Piece by Piece: Vintage Velvet Top + Reflections

vintage velvet top outfit
vintage velvet top outfit
vintage velvet top outfit
Velvet top, vintage market | Button-down, thrifted | Skirt, Forever 21
Photos by Yihao and Esse

It’s been a month and a half.

1.5 months, and my calluses have smoothed over, no longer a distraction from my ragged nails.

1.5 months, and the physical traces of a 10-year passion have faded away.

The skin on my left fingertips looks so foreign when so smooth. The delicate lines of my fingerprints are now discernible, no longer disfigured by the arduous hours of waltzing upon vibrating silver strings.

My violin case sits in the nook between my desk and wardrobe, upright and unobtrusive. My music stand has become a makeshift clothes rack, often adorned with a summer top or silky chemise.

I forget they’re there sometimes. I barely recall the deep resonance that fueled the countless rehearsals, the daily screech sessions, that whole decade of my life. And sometimes, I even forget that all of this was once indispensable.

I would’ve been appalled in another life; another Lily wouldn’t have approved.

She wanders into my dreams sometimes, orchestrating nightmares. Violin is no longer part of my reality, but it consumes my sleep world. I struggle through rehearsals, I arrive at important auditions having not practiced in months…

I awaken unsettled. Yet I still feel no inspiration to play again.

She used to fantasize about her life without violin. What would it be like to regain the weekly 10-15 hours of rehearsal and personal practice? What would it be like to be able to attend the events that always conflicted with orchestra?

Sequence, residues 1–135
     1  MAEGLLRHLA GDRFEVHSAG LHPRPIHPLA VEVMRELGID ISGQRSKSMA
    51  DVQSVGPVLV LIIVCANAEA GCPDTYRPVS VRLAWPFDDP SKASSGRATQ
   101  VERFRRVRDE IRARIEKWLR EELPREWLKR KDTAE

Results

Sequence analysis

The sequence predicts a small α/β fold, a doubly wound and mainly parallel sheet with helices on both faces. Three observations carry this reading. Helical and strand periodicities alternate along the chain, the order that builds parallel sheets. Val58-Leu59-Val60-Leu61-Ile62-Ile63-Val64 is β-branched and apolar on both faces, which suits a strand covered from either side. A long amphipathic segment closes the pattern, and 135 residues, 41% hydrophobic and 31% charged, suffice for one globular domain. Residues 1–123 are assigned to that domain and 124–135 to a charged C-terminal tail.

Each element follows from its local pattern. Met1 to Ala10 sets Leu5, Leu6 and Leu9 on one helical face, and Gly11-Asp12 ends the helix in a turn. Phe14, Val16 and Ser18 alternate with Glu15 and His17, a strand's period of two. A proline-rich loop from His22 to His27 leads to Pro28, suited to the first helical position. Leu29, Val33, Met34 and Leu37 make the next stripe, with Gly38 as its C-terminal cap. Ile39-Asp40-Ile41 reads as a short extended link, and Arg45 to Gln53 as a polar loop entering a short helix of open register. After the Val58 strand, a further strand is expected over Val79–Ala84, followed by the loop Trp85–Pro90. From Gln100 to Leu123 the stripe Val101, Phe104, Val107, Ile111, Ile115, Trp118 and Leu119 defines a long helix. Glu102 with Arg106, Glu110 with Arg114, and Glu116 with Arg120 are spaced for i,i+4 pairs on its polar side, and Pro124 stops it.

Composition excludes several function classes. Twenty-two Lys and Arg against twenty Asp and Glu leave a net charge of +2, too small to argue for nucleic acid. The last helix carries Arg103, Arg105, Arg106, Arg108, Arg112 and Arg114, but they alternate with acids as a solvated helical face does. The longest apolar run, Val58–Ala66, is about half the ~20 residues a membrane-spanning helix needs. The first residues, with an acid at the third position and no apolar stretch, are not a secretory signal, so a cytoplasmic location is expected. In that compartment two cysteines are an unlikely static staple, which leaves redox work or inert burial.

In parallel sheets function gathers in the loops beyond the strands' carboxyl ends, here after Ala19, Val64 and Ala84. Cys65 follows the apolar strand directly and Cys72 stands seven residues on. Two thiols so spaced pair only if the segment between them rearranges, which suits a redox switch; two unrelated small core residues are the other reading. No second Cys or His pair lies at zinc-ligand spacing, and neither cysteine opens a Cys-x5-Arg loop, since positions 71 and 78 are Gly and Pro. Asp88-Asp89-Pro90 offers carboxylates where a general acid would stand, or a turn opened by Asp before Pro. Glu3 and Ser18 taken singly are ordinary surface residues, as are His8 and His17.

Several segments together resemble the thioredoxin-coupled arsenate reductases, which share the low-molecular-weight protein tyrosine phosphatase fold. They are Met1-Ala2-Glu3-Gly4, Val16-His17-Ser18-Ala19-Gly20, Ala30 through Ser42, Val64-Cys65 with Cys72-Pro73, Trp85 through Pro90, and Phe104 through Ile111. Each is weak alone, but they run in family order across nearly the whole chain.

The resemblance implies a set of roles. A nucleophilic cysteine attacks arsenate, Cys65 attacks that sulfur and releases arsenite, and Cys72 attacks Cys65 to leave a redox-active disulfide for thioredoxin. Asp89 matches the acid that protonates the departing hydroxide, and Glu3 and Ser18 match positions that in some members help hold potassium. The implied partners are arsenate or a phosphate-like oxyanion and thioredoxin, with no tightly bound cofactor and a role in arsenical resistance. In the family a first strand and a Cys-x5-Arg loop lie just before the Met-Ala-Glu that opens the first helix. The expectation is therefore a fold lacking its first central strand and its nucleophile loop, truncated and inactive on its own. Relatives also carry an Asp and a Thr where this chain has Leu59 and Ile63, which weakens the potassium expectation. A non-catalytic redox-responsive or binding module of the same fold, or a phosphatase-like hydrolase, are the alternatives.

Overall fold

She brushed the thoughts away. Violin was part of who she was, or at least who she thought she should be.

But I was ready for a change. During a brawl with my parents on postgraduation plans, I realized that external expectations too often directed my life. So this time, I took charge.

I realized the ideas I had entertained but had suppressed: I got my helix pierced. I cut and dyed my hair (photos before this change). I gave up violin--and took up other creative pursuits.  

Will I pick my instrument up again? The answer is indefinite. All I know is this: piece by piece, I'm constructing who I want to be, and that’s enough for now.
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P.S. We've just launched the project I mentioned in my previous post--please take a gander at Thank You for the Tragedy, a vision for a collection of atypical love essays. It's a chance for personal love tragedies to become catharsis and resonance. We're calling for creative writers and hope you'll contribute and spread the word!

Also, apologies for my absence in my normal blogroll--I'll catch up on my reading as soon as I can!

Forever Fleeting: Life Lately + CaseApp Review

Disclaimer: I received two ipad mini cases from CaseApp in exchange for an honest review. All opinions are my own.
caseapp personalized ipad case
Long ago, I accepted a collaboration with CaseApp, an online store with premade and custom phone/ipad cases.

I ordered two ipad mini cases: one premade, with a dust pink and marble pattern, and the other custom, with instagram photos from my semester in France.

Then life happened, and this review post didn't (oops!). In the last three months, I:

  • finished my first term at Oxford
  • went back to France for a month to travel solo and complete a personal language immersion challenge; I spoke English only twice, once during a call with my bank, and another time during an interview
  • saw my family for the first time since August
  • accepted a math research internship with my advisor at Amherst
  • returned to Oxford for my final term abroad